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The case of the purple squirrel

Squirrels. They are just about my favorite outdoor creature, and almost every spring I like to write about them. I am fond of a lot of other animals, but squirrels with their amazing acrobatics, their ability to find things, get into things, and most of the time, get out of things, is remarkable. However, it’s that ability to get into things that occasionally causes them trouble.  Take an incident in Fort Wayne, Indiana last week.

Read more: The case of the purple squirrel

Is the GOP losing its flagship issue?

It’s not a hard prediction to make. The Republicans, as they face this year’s midterm elections, are in a good place. The House should remain firmly in GOP hands, and the Senate, could, though it’s not a given, flip to Republican control. It is, after all, an off-year election, and historically, the party not in the White House does well. Also, President Obama, for all practical purposes, has no coattails. He can raise money, but most Democrats who will be on the ballot this fall won’t be inviting him to their districts.

Read more: Is the GOP losing its flagship issue?

Maybe Global Warming isn’t so bad after all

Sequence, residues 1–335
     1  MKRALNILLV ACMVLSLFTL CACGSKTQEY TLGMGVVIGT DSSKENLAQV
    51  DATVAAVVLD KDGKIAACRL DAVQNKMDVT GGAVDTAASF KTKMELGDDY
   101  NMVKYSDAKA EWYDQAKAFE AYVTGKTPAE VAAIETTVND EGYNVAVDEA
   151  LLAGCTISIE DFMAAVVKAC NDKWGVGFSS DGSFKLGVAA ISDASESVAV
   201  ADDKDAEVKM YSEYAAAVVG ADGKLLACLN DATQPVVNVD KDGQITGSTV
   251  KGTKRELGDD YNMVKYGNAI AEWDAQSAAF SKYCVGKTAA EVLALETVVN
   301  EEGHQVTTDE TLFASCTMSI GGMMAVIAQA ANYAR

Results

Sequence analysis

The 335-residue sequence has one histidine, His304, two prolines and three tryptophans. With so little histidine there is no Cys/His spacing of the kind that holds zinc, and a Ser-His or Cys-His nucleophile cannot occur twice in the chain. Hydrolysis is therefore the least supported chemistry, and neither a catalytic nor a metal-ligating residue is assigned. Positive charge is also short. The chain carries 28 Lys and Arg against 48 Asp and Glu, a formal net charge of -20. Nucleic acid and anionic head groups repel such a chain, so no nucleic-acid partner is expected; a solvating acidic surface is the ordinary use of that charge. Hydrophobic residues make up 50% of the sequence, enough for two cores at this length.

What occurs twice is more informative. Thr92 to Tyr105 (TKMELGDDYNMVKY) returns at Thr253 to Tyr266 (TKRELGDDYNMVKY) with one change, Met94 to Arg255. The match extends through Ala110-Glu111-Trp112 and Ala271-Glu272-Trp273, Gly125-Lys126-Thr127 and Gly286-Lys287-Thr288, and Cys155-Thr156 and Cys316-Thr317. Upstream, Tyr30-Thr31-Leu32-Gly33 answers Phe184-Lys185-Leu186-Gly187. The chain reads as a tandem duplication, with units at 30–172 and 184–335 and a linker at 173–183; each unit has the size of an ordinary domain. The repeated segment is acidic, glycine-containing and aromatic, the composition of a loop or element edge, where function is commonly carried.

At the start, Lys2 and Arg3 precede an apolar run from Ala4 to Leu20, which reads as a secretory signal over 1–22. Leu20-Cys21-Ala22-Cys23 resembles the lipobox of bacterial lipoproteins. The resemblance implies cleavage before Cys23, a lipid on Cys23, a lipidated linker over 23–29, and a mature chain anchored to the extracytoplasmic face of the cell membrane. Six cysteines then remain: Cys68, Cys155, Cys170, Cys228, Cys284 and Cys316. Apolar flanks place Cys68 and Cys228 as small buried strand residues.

Just how serious is global warming?  No matter who you think caused it, man, or some natural cycle, the answer is that global warming presents a threat to our ecosystems and puts millions, if not billions, of people at risk. Floods and storms will get worse, droughts in dry regions will be more severe, entire species could disappear, and cities we have come to know and love may no longer be sustainable in their current locations.

Read more: Maybe Global Warming isn’t so bad after all

Playing Washington D.C.-style politics in Richmond

Politics in Richmond, the back and forth between the House, the Senate and the Governor, rarely, in fact almost never, involve words like impasse or deadlock. And references to   shutdowns, well, that’s something that happens in dysfunctional Washington D.C. politics, not in Richmond. Or, at least, that’s the way it used to be. Now, thanks to the debate over whether or not to accept federal support to expand Medicaid, the politics of Washington are getting decidedly closer to our beloved state capitol.

Read more: Playing Washington D.C.-style politics in Richmond

Saying you’re sorry is a sign of weakness

For many people it’s just about the hardest thing there is to do. And I don’t mean some grueling test of physical or mental endurance. It’s often reflected in the words, “I am sorry,” but for some, they could be the hardest three words in the world to say.

Read more: Saying you’re sorry is a sign of weakness

The economics of Medicaid expansion and preventive health

Expanding Medicaid in Virginia shouldn’t be a partisan issue. There are some states where it isn’t; New Hampshire is a good example. In the granite state, the Republican state senate enthusiastically supported Medicaid expansion. With typical New England practicality, they supported it as a matter of common sense and good economics.

Read more: The economics of Medicaid expansion and preventive health

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